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24 hours in Michael Cohen’s many legal troubles

The chatter that Trump’s personal attorney might flip is getting louder.

Former Trump Lawyer Michael Cohen Returns To Court In New York City Eduardo Munoz Alvarez/Getty Images
Jen Kirby is a senior foreign and national security reporter at Vox, where she covers global instability.

Michael Cohen, President Trump’s longtime personal lawyer and fixer, is battling legal troubles on all fronts.

On Thursday, Cohen asked a California judge to issue a gag order against Stormy Daniels’s attorney, Michael Avenatti. The filing claimed that Avenatti’s frequent media appearances — where he frequently blasts Cohen and Trump — were “depriving” Cohen of “his right to a fair trial.”

A California judge refused to grant an emergency gag order against Avenatti but asked for more information from Cohen’s attorneys and Avenatti in the coming days.

Cohen’s request for Avenatti to cease his “publicity tour” comes as more reports suggest Cohen is thinking about cutting a deal and cooperating with federal prosecutors, and Trump tries to put more distance between himself and Cohen.

Cohen’s gag order request against Stormy Daniels’s attorney

Cohen’s attorneys filed the request Thursday to quiet Avenatti and quash his media blitz. Avenatti’s more than 100 media appearances, and his tweets, are “likely to result in Mr. Cohen being deprived of his right to a fair trial, and threatens to turn what should be a solemn federal court proceeding into a media circus,” Cohen’s attorney Brent Blakely wrote in the court filing.

The court denied the request for immediate relief on Friday but asked more documents from both sides in the case. Avenatti has until June 25 to respond, and Cohen’s attorneys have a final due date of July 2.

Avenatti blasted Cohen’s filing as “complete joke and baseless” on Twitter after Cohen filed the request.

Avenatti is representing porn actress Stormy Daniels, who is suing Trump and Cohen over the 2016 nondisclosure agreement that paid Daniels $130,000 to stay quiet about her alleged 2006 affair with Trump. But that case has been put on hold temporarily as Cohen faces far more serious legal troubles in the form of a federal investigation led out of the Southern District of New York.

Avenatti has also released information about Cohen beyond that case, including documents that revealed Cohen’s firm Essential Consultants LLC had received payments from companies such as AT&T, Novartis, and Columbus Nova, a company tied to Russian oligarch Viktor Vekselberg. These payments were later confirmed by the companies and had reportedly come to the attention of special counsel Robert Mueller.

How close is Cohen to flipping?

The Daniels lawsuit seems the least of Cohen’s legal troubles now. Early this week, reports began percolating that Cohen was thinking of flipping and cooperating with federal prosecutors in the Southern District of New York — though there were conflicting accounts of how close he was to possibly reaching a deal.

New reporting from CNN’s Kara Scannell indicates Cohen has hinted to family and friends that he’s willing to cooperate with federal authorities to “alleviate pressure” on him and his family, and because he’s feeling alienated by Trump, who’s tried to distance himself from his associate.

On Wednesday, George Stephanopoulos of ABC News reported that Cohen’s legal team was departing, signaling Cohen was “likely” going to cooperate with prosecutors. But other reports suggested that while Cohen was shifting legal representation, it might have to do with his lawyer bills. It also wasn’t clear if federal prosecutors had approached him about cooperation.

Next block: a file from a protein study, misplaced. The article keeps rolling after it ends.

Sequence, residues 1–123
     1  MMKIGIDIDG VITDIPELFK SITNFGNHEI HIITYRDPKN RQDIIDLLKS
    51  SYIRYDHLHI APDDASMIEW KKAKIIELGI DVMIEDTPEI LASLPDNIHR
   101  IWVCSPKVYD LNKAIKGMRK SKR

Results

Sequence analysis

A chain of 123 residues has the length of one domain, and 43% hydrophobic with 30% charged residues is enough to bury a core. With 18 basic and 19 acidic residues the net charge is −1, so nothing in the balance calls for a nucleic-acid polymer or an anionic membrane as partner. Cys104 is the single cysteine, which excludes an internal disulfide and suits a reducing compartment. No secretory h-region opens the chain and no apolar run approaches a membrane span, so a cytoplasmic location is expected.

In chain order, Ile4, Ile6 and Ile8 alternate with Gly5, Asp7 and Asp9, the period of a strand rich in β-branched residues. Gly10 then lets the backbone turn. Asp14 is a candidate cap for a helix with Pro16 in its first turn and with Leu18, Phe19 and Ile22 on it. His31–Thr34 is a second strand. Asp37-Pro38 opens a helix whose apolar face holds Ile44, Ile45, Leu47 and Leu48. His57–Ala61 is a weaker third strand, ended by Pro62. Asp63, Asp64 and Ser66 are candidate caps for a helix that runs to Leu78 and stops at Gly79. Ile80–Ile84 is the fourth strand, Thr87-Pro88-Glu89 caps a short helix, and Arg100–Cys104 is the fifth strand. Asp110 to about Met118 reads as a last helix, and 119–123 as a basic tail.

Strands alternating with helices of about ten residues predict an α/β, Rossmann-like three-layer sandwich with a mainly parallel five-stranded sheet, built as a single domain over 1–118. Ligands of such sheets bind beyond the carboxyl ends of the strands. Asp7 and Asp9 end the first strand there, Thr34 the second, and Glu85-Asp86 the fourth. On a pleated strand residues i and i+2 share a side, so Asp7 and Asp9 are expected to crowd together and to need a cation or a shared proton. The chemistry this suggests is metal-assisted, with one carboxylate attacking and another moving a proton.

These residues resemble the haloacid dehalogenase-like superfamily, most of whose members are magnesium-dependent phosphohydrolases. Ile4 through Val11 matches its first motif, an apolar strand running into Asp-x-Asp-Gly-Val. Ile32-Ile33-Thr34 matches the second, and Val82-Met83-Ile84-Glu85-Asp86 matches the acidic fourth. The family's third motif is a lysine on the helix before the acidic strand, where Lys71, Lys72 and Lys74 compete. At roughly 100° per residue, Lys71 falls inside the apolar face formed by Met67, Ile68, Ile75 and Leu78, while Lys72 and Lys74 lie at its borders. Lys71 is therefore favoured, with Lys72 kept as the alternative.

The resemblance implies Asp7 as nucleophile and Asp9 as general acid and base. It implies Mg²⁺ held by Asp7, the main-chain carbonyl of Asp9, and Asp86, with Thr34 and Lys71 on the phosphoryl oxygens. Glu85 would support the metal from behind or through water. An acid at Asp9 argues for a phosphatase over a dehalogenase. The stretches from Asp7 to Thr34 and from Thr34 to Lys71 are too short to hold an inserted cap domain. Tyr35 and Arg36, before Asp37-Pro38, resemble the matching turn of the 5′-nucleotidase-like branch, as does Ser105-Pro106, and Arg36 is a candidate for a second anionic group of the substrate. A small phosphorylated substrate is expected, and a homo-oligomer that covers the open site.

The federal investigation into Cohen is separate from the special counsel’s investigation into Russian interference, but Cohen’s connections to Trumpworld are diverse and deep. As Vox’s Andrew Prokop writes:

Though Cohen was Trump’s lawyer, his role was far broader than that. For one, he worked as a high-level executive in the Trump Organization, pursuing business deals in the former Soviet Union. For another, he’s a national deputy finance chair of the Republican National Committee. He’s also a wealthy investor in his own right, with extensive taxi medallion holdings and an eyebrow-raising real estate portfolio.

But more broadly, he’s a sort of all-purpose “fix-it guy” who was tasked with making problems for Trump go away — whether that entailed profanely threatening journalists or arranging secret payoffs to hush up sex scandals.

On Friday, prosecutors with the Southern District of New York updated the judge on materials seized in an April 9 FBI raid on Cohen. The court filing revealed investigators had “reconstructed” contents from a shredding machine that added up to about 16 pages, and obtained the contents of 731 messages and call logs from encrypted messaging apps.

Cohen’s lawyers have 10 days to review the materials, according to the court filing.

Trump said Cohen’s not his lawyer but that he’s “always liked Michael”

If Cohen decides to cooperate with federal prosecutors because he thinks Trump is snubbing him, then Trump probably won’t convince him after his comments on Friday.

After sauntering out to the White House lawn to appear on Fox & Friends, Trump answered a few questions from a gaggle of reporters, and when Cohen came up, he said that Cohen was no longer his attorney.

Trump was first asked about Cohen flipping, and he responded that he “did nothing wrong.”

“You have to understand, this stuff would have come out a long time ago,” Trump said. “I did nothing wrong. I don’t do anything wrong.”

“I always liked Michael,” Trump also said, adding that “he hadn’t spoken to Michael in a long time” before saying Cohen wasn’t his lawyer anymore.

“But I always liked Michael,” he repeated.

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